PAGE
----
Copper Thefts Reach Epidemic Proportions in Oklahoma City

May 6, 2008

In one month alone, thieves stole the copper coils from more than 100 air conditioners in Oklahoma City, police said.

They then sell the material to recyclers for $3 to $4 a pound, leaving thousands of dollars in repair costs in their wake.

Lawmakers are considering legislation that would require all recyclers to maintain a log of who sells them copper and other metals. Those reports would be provided to police, if Senate Bill 1856 becomes law. It’s currently awaiting action in the Senate.

At Jamil’s Steakhouse on Lincoln, Greg Gawey initially thought a faulty circuit breaker kept his air conditioner from kicking on at his Oklahoma City restaurant on April 14.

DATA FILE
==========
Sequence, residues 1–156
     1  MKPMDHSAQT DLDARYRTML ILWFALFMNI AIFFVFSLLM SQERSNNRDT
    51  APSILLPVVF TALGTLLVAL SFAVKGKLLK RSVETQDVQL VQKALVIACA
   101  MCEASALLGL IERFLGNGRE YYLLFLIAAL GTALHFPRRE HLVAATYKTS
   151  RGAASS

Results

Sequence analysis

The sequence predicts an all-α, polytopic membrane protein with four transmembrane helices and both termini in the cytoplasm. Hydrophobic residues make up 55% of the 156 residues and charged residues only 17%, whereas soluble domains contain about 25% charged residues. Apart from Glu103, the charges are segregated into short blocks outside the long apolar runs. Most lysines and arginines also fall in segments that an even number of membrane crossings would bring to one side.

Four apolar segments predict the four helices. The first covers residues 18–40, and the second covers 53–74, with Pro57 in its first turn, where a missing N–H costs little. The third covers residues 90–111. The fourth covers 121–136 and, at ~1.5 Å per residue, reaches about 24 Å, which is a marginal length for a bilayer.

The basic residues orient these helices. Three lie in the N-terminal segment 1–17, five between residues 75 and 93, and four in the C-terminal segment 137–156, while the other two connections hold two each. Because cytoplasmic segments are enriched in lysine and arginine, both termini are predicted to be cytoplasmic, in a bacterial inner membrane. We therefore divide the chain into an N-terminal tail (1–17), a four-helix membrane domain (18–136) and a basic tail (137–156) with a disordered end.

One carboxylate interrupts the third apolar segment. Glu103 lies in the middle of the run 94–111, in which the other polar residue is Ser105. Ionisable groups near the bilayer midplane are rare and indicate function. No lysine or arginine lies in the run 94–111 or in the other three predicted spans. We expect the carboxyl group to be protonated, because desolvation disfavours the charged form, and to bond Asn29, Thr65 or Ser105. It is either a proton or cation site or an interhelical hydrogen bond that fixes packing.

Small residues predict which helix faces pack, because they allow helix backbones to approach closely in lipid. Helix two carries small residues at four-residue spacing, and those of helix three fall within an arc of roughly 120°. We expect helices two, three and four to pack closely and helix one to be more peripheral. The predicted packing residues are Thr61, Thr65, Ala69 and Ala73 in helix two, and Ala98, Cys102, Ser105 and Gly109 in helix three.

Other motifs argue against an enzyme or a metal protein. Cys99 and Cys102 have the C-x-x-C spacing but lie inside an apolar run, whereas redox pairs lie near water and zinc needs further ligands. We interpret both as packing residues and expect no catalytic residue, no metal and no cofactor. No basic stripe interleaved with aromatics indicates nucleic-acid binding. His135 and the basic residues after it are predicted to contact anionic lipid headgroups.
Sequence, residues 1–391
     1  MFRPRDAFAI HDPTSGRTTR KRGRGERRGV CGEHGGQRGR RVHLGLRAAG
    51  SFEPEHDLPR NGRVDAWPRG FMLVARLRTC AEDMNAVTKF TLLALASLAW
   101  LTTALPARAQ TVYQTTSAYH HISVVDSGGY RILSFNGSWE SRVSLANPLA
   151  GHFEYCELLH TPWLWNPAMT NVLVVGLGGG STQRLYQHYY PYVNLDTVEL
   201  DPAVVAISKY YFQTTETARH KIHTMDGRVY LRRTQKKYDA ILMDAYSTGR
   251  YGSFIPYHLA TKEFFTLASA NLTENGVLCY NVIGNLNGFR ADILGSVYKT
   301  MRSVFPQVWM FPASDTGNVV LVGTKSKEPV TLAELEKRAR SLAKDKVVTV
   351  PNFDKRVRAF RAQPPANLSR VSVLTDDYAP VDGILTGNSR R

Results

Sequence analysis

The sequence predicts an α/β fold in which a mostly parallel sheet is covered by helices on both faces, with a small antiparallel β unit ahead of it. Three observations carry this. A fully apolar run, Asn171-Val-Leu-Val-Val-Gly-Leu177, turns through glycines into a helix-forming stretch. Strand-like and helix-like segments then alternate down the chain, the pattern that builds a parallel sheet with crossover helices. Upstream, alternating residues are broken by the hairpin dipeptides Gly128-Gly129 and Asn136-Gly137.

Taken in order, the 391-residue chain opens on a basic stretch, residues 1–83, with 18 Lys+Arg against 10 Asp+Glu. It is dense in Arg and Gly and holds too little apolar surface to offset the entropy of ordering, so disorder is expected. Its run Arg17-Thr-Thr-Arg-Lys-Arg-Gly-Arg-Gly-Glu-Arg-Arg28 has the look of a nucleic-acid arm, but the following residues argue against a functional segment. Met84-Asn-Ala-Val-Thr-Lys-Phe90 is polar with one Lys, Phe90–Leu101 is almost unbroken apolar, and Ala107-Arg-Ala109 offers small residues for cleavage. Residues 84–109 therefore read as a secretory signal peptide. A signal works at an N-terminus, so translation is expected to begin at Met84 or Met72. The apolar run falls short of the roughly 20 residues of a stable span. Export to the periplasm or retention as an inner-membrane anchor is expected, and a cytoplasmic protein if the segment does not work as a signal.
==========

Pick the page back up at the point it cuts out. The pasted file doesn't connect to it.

Thieves had ripped apart three air-conditioning units for what might have been $100 in copper. It cost him more than $4,000 to repair the units.

“It’s just a bad, bad situation,” Gawey said.

Oklahoma City police Sgt. Marty Stupka, who investigates copper thefts, said in February alone thieves stole copper coils from 75 commercial air conditioning units and 42 residential units. Replacement costs were more than a half million dollars.

“They’re not taking the unit itself,” he said. “They’re tearing it up and taking the coil, and once they take the coil, the unit itself is worthless.”

Oklahoma City requires recyclers to keep detailed descriptions of items they buy and to hold metal for at least 14 days before reselling it.

“We’ve recently started enforcing that law,” Stupka said.

“I’ve been doing inspections of these places. Their record-keeping is horrendous. They just throw it in a box, and we have to sort through it.”

Information from: The Oklahoman,

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